So this season I've tried to get a little bit more serious as I know that the men I'm racing are not only really strong but really crafty. I can't just ride on the front and hammer and expect them to fall away. As such I have tried to form alliances and work with people to try and either chase other rides down or split an existing group up, effectively thinning the herd and improving each of our chances in the end. I must admit that this has been a very useful tool to add to arsenal, actually thinking and planning when racing that is. Who would have guessed?
Gran Prix of GloucesterA couple weeks ago at Gloucester I was presented with some interesting challenges that required some planning. Gloucester is one of the biggest races in the country and the biggest in New England. It truly is the big stage and everyone wants to bring their best out for the event. I've always done abnormally well at Gloucester. Not sure why but it must suit me. My best result there in the past was in 2009 when conditions were horrible. In reality I usually excel in poor conditions so it was with great enthusiasm that I met the weather forecasts calling for rain. They did not let us down either and the course on Saturday was wet and muddy, which I clearly viewed as good for me.
The competition was stiff and we had a full field of a hundred or so on the line. I was treated to a front row spot and was determined to use it to my advantage. I'd been working on my starts and I had it pegged this time around. I was top three in the first corner and kept on the gas. Instantly I could see Paul was trying to get away but eventually he backed off a bit and we traded spots. Unfortunately I could see that I didn't have the gas to run away either so rotated back, happy to follow. More trades between Eric, Jeff, Mark, then Paul went back out front for good. A small mishap derailed a move by Eric and it was Jeff and I in pursuit of Paul.
The course was slick but Jeff and I worked together managing to get some space on the field while maintaining the gap to Paul, who spent almost the entire race ahead solo. By the final lap I went to the front and tried to claw some distance back on Paul but made little headway. On the finish straight I opened the sprint as soon as I hit the pavement knowing Jeff was right them and not wanting him to get me. This closed the gap to Paul to within a small handful of seconds and gave me room to breath on Jeff. I was disappointed that I hadn't worked a little harder, a little sooner by happy with the result. Cathy greeted me with massive enthusiasm and was even more excited than I was.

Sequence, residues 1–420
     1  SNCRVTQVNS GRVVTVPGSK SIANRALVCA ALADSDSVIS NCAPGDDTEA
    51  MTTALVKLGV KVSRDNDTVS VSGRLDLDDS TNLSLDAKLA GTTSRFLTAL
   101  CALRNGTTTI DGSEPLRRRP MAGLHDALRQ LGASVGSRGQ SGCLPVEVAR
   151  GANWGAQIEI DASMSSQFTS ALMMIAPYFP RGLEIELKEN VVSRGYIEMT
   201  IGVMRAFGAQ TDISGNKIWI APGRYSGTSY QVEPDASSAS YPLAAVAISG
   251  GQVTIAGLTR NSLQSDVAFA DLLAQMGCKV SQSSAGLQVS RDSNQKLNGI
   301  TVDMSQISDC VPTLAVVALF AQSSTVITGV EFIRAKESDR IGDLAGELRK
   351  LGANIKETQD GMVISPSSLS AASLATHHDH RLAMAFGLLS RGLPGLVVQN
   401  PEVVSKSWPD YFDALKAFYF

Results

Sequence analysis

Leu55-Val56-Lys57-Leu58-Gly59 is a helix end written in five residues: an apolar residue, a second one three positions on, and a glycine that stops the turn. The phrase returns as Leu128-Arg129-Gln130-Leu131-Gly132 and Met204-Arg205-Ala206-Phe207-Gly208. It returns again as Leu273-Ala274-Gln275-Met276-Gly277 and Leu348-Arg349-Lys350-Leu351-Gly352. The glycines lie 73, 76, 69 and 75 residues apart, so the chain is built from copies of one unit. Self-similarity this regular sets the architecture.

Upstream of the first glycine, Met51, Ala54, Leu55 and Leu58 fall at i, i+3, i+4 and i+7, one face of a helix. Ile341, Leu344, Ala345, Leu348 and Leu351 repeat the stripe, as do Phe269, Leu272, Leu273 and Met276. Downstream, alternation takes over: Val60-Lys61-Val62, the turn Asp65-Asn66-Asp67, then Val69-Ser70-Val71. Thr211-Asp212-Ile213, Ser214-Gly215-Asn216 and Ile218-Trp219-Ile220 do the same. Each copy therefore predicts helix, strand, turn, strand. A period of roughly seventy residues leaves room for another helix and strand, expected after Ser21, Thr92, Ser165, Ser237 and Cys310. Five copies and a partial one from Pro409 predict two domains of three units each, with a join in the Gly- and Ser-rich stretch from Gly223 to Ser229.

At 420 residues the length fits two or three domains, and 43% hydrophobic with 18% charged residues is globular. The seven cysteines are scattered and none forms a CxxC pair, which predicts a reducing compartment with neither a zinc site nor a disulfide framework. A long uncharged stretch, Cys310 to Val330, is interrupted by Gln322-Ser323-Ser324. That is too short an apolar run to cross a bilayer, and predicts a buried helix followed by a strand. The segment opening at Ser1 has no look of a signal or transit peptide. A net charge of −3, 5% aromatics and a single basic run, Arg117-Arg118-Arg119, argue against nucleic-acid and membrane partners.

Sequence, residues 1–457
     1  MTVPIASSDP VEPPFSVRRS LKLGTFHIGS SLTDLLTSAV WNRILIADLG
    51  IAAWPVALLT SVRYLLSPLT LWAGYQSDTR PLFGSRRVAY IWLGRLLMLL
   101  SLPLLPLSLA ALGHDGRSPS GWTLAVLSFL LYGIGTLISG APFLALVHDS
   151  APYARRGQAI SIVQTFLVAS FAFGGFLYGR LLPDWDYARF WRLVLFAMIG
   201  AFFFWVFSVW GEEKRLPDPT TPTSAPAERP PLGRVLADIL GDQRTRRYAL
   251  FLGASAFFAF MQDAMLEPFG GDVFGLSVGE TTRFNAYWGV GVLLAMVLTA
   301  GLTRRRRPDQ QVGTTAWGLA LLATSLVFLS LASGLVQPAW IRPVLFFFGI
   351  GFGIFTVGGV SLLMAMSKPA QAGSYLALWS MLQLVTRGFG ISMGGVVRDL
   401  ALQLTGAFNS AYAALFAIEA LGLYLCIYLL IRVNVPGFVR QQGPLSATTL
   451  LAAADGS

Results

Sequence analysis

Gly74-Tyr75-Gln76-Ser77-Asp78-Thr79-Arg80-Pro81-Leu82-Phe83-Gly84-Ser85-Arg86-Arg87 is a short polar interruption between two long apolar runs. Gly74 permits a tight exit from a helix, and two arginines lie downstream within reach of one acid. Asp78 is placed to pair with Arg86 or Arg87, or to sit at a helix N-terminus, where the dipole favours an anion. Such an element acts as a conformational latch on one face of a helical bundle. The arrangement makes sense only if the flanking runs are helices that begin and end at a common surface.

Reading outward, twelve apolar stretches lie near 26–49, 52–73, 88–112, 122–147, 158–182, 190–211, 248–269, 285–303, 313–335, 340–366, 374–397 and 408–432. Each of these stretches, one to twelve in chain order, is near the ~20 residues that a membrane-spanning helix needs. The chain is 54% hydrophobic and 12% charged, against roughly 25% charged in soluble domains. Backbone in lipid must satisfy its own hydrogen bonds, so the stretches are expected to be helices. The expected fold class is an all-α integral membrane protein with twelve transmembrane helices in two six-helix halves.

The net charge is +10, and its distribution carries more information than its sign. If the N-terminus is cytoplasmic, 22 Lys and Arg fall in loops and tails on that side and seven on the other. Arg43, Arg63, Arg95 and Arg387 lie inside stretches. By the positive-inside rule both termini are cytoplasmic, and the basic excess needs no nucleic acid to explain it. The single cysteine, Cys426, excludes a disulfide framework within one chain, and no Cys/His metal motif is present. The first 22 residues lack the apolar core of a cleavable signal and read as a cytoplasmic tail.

The next day I didn't feel all that great. The legs were tired as was my back. I've come top find though that this isn't any indication of the race I will have and in fact, it is often the opposite of what one would expect. On the line another prime starting spot and conditions that were even worse than day 1 combined with an even tougher course technically had me determined. I managed my best start ever getting the hole-shot with what seemed like far too little effort. From there I was in a MTB race, in terms of the tactics. Get out front, check. Stay out front, check.
And luckily that was what happened and how it played. I raced hard and as clean as I could not taking extra risks and putting in the hard digs where they made sense. My running and scrambling up the run-ups and stairs was as good as I'd ever done, possibly better. The bike handling seemed sloppy in places and I really used too much brake but it kept me upright and making forward progress. In the end I managed to stay out front and maintain the gap, a wholly surreal experience for me in a very magical place when it come to cyclocross racing. This time it sunk in. The announcements I'd heard during the race about this being the ride of my career (do I actually have a career?) and the cheers and encouragement of my cyclocross friends and family. I didn't want the moment to end and savored it as long as possible.
Providence Festival of CyclocrossLast weekend was my return to Providence after a couple of years on hiatus from the venue. I've always liked the course but never did super well there and was always put off by the parking and logistics. That said, this is the second largest event ion New England and was sure to garner some stiff competition and another large field, giving more opportunity to work the skills. I wasn't certain what to expect, performance wise and was somewhat unsure if the previous weekend had been a fluke. Fortunately, there was certain to find out.